A new literacy program helps student learning in Islamic schools

By: Siti Cholifah, Teacher at MI Sirojul Huda Islamic School

In September 2018, INOVASI commenced 27 grant-funded pilots, with 18 new grant partners. By March 2019, a further 7 grant pilots began, with Islamic associations Ma’arif NU and Muhammadiyah. This grants initiative is a key part of our approach to expanding and strengthening engagement with Indonesia’s non-governmental education sector. One of these grant partners is Universitas Islam Negeri Sunan Ampel (UINSA) Surabaya, which aims to improve teacher professionalism in improving student literacy skills in Pasuruan, an INOVASI partner district in East Java. The pilot works with various stakeholders to develop a culture of literacy in schools. This program will use the ABCD (Asset Based Community Development) approach, which is a contextual approach to improve school independence and commitment to develop literacy programs in schools. In this story, we hear from Siti Cholifah, a teacher at MI Sirojul Huda Islamic school (madrasah).

One of our grade one students, Fizi, often looks down silently, and does not want to hang out with other friends, especially when it’s time for reading and dictating. One time, he even began crying because he could not read.

By the middle of the school semester, Fizi still could not read. Fortunately, around that same time, we heard news from the school principal that a new program would begin, led by INOVASI and UINSA. The activity began in October 2018, and has since provided early grade teachers with guidance and direction for literacy teaching and learning.

What amazing knowledge we have gained! We have not learnt this before. For us, this assistance is very useful in helping to solve the learning problems of our students who are still unable to read and write.

Through the activities of “I Love to Read” on Tuesday and Thursday, “I Can Tell” on Wednesday, and “My Diary” on Saturday, the children increasingly became more enthusiastic about reading and writing. We did the three literacy activities as an opening before the learning activities. In addition to these three activities, we also provided books to aid the reading of children with parents. This program received A positive response from parents and they even bought reading books for their children at home as daily reading material.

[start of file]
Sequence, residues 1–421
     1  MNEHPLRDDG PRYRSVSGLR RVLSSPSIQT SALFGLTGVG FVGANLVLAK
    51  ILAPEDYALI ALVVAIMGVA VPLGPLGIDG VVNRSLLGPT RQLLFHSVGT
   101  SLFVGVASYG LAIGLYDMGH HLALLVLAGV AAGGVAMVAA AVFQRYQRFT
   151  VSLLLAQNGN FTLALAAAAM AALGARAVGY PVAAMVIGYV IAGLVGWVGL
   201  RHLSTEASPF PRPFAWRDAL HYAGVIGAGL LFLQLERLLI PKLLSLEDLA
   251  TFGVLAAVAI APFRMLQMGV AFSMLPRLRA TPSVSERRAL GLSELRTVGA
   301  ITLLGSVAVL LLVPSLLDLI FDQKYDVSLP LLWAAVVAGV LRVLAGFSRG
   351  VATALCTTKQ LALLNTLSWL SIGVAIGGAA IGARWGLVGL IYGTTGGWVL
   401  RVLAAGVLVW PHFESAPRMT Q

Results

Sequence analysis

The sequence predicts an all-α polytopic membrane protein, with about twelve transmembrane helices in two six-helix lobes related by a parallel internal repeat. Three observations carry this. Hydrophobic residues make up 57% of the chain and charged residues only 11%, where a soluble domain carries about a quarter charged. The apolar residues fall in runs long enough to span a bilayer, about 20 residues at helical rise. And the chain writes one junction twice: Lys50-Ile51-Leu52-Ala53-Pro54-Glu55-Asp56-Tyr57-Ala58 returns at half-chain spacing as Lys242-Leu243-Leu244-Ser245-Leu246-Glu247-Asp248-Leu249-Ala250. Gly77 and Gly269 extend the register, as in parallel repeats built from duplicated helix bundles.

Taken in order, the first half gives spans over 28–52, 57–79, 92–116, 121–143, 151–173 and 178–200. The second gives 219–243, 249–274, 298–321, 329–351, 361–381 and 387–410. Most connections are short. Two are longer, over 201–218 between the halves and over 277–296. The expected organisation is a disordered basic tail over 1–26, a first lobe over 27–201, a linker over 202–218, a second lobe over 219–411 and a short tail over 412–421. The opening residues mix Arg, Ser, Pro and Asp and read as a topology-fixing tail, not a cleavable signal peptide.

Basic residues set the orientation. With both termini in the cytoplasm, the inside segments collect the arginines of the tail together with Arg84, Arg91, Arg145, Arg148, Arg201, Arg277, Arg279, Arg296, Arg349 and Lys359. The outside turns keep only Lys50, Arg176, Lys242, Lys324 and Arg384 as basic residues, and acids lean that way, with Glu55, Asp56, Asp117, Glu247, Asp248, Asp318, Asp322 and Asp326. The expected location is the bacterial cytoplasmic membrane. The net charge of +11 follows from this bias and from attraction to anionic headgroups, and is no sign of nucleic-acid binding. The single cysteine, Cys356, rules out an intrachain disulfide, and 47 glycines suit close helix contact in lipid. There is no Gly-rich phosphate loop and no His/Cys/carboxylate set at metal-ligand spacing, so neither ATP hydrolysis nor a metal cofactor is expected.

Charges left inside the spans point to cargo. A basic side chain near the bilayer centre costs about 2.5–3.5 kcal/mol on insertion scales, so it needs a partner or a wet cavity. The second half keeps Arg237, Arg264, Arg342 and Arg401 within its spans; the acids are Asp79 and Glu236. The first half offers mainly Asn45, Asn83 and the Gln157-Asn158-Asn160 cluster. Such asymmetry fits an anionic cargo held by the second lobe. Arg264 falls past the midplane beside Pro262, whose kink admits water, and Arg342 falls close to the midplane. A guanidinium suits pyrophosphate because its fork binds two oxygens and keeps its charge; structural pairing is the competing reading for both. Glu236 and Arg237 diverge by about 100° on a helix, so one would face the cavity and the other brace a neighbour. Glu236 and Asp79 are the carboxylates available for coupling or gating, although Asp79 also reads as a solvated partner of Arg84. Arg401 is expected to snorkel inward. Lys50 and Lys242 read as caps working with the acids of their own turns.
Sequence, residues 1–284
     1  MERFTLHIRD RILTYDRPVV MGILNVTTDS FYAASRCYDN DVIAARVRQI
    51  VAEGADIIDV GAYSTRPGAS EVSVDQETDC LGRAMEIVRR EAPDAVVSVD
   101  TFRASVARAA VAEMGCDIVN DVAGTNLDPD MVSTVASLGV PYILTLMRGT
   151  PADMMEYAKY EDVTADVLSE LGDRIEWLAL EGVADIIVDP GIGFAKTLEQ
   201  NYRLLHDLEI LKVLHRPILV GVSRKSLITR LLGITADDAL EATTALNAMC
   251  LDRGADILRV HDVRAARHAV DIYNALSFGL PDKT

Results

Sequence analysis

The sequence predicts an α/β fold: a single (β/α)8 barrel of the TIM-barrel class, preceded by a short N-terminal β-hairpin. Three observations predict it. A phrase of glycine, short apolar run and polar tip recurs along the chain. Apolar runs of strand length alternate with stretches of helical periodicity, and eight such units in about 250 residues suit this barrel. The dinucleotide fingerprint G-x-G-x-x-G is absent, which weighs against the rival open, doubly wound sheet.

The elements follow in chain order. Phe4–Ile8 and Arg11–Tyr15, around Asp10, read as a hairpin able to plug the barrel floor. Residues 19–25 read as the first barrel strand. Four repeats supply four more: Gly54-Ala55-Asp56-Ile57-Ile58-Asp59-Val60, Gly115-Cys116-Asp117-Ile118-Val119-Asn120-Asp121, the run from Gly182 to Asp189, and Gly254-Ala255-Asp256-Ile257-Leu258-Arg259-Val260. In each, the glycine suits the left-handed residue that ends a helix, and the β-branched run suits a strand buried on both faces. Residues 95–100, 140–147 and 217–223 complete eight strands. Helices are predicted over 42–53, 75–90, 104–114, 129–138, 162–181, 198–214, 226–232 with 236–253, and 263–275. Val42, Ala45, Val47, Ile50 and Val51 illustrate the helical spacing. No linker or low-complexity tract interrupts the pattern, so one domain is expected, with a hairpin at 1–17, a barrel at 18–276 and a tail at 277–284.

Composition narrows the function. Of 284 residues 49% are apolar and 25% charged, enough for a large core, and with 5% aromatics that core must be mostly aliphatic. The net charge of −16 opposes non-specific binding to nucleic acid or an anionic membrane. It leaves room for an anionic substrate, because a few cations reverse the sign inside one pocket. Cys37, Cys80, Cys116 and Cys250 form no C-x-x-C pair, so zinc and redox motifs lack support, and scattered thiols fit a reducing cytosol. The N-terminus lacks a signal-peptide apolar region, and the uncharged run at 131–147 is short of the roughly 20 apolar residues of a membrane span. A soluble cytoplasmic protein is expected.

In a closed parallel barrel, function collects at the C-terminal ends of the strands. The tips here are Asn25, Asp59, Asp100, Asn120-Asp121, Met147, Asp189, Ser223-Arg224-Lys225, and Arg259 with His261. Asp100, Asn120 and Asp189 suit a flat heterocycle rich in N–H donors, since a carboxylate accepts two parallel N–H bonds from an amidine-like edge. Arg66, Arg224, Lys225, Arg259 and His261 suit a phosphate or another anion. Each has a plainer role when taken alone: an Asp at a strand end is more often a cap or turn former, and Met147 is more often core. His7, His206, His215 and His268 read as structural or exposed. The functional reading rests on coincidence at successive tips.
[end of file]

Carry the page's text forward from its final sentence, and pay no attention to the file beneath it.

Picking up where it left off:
To further increase the reading interest of students in class, we also divided students into three reading groups; advanced groups, medium groups, and developing groups. The developing group is the group that we intend to accompany more intensively.

At first, Fizi was in a developing reading group. Now with the literacy pilot program at our madrasah, Fizi is excited when it comes to reading. In fact, he has risen one level to a medium readers group. Lots of changes have occurred. Now he is responsive when I explain, and can understand the questions given. Through show and tell activities, sometimes he asks for some vocabulary that he doesn’t know. In between breaks, he is now very diligent in inviting some of his friends to read books in the reading corner of the class. This can provide motivation and enthusiasm for other friends, especially those who used to be on the same level with him.

Fizi is a child who has experienced big changes, since this activity came to our school. Now he is ranked in the top 10 in his class! With improved literacy for Indonesian children, we can bring positive change and they can become more accomplished.


A new literacy program helps student learning in Islamic schools